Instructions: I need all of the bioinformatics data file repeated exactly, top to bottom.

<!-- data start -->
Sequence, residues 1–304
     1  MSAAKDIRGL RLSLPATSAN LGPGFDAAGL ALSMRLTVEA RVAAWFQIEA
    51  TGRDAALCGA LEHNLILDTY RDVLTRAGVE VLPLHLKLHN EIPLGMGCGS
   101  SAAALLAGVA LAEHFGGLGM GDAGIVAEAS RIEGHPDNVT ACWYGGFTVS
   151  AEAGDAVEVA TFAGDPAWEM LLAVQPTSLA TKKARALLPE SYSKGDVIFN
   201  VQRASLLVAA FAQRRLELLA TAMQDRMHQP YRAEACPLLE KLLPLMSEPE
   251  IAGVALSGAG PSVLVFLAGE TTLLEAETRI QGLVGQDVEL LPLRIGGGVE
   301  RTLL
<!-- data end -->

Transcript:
Sequence, residues 1–304
     1  MSAAKDIRGL RLSLPATSAN LGPGFDAAGL ALSMRLTVEA RVAAWFQIEA
    51  TGRDAALCGA LEHNLILDTY RDVLTRAGVE VLPLHLKLHN EIPLGMGCGS
   101  SAAALLAGVA LAEHFGGLGM GDAGIVAEAS RIEGHPDNVT ACWYGGFTVS
   151  AEAGDAVEVA TFAGDPAWEM LLAVQPTSLA TKKARALLPE SYSKGDVIFN
   201  VQRASLLVAA FAQRRLELLA TAMQDRMHQP YRAEACPLLE KLLPLMSEPE
   251  IAGVALSGAG PSVLVFLAGE TTLLEAETRI QGLVGQDVEL LPLRIGGGVE
   301  RTLL